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QTL > News > Article Summaries > Current Article
Butterfly release wraps collaborative project
May 2004

(LUMBERTON, NC) -- West Lumberton Elementary students took a quick break from the rigors of end-of-grade testing on May 11 to put the final exciting touches on a project they've been working on most of the year. They released dozens of butterflies onto their school playground after raising the beautiful insects from the chrysalis stage.

A student watches in awe as a classmate holds up one of the butterflies they raised as part of their teachers' QTL collaborative project.

"Oh, it's been amazing," says teacher Pam Day. "The kids were SO excited to see the butterflies. Everybody learned about them -- the whole school!"

The project began as a way for teachers of different grade levels to collaborate after attending ExplorNet's QTL training. Kindergarten and third grade teachers came up with a plan to have their students study butterflies and life cycles together. The students were grouped to do research, artwork, writing and other assignments centered around the subject (click here for details of the collaborative effort).

By the time it was over, almost every student in the school was enthralled by the project. The children had learned science, technology, writing and more through a series of integrated lessons. They used technology tools including digital cameras, document cameras and projectors, and the Internet.

Media specialist Traci Byrd spearheaded the team project along with a handful of teachers who attended the intensive QTL training together. "As science is integrated into the End of Grade tests," she says, "it is so important to include more science activities into our lesson plans. Students learned about life cycles as they raised the painted lady butterflies, while using the most up to date teachnology."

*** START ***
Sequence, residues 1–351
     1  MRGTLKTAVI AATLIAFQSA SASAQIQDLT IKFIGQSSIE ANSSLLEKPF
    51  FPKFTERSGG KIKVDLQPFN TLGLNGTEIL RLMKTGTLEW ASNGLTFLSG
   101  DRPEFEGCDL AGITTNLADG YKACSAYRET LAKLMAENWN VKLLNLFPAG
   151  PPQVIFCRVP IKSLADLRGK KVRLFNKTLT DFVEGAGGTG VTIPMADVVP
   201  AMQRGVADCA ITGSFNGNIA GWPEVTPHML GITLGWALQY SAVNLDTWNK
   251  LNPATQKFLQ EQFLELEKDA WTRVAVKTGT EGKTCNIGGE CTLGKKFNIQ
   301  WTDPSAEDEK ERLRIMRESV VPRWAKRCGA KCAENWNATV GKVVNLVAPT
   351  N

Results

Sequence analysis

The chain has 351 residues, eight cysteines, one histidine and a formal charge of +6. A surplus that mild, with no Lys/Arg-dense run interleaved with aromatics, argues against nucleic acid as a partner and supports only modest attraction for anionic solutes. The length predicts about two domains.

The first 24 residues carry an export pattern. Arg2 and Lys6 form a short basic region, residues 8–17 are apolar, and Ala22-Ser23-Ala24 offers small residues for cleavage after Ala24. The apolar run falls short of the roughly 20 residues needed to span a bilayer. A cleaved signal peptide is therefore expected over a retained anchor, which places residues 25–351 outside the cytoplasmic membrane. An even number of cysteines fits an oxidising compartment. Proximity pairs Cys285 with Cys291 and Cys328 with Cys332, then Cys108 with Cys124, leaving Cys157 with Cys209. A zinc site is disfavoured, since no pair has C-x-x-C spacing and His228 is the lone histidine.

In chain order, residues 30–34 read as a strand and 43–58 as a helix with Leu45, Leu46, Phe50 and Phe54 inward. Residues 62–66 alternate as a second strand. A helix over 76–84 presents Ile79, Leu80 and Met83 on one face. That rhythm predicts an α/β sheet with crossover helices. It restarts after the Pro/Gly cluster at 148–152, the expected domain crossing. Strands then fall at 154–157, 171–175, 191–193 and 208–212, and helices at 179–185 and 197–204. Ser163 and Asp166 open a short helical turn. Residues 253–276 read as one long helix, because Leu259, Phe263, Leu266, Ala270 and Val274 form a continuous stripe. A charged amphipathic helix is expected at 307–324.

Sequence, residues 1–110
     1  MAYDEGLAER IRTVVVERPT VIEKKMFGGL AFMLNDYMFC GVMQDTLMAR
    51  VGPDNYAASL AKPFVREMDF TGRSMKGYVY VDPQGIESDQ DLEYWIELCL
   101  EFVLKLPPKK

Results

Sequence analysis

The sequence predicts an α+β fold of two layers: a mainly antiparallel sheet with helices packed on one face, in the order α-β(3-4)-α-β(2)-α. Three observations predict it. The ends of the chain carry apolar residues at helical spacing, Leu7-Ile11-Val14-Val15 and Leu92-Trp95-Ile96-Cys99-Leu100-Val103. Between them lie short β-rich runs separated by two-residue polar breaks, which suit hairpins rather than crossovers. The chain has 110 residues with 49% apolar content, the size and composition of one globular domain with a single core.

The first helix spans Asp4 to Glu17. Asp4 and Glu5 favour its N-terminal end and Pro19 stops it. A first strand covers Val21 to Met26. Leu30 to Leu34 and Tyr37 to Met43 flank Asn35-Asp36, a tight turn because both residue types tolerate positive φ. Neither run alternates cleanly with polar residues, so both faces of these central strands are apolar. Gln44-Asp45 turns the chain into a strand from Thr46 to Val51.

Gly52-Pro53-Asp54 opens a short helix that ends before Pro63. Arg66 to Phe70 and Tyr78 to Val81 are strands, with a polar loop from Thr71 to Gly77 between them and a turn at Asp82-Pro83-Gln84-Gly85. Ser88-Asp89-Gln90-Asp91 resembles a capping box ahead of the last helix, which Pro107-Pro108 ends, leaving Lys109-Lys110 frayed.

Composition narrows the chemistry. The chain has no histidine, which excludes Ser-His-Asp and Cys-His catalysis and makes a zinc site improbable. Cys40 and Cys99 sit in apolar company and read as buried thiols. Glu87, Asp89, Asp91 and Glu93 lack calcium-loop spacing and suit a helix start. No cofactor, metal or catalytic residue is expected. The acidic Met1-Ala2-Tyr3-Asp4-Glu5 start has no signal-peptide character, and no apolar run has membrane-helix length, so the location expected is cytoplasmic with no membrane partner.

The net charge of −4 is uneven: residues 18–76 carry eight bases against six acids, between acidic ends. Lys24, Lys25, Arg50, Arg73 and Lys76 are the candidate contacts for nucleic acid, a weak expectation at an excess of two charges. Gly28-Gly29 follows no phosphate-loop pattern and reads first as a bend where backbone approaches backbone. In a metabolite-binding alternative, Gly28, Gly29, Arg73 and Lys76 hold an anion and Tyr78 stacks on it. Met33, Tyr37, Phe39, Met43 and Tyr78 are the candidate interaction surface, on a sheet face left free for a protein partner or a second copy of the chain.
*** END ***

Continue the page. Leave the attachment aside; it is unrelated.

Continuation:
Three students peer inside a butterfly cage as they coax the last remaining butterflies out into the school playground.

End-of-grade tests are a major focus for North Carolina public schools, and some administrators might have shied away from a huge project like the butterfly collaboration during the busy spring months. But even as third and fourth graders took their exams, West Lumberton principal Dr. Juanita Clark stressed that far from distracting students, projects like this one can help improve EOG scores -- even if they center on subject matter that doesn't wind up being part of the exams.

"The learning elements built knowledge," she says. "The project incorporated science and reading, and it was motivated reading, extra reading. And anything that's going to promote reading is going ot lead to higher EOG scores. When they're turned on to reading, they want to read more."

The actual release attracted coverage from WBTW-TV and The Robesonian newspaper, an added bonus for students and teachers.


For more information, contact Robin Fred via e-mail at or call him at 888.507.3800.

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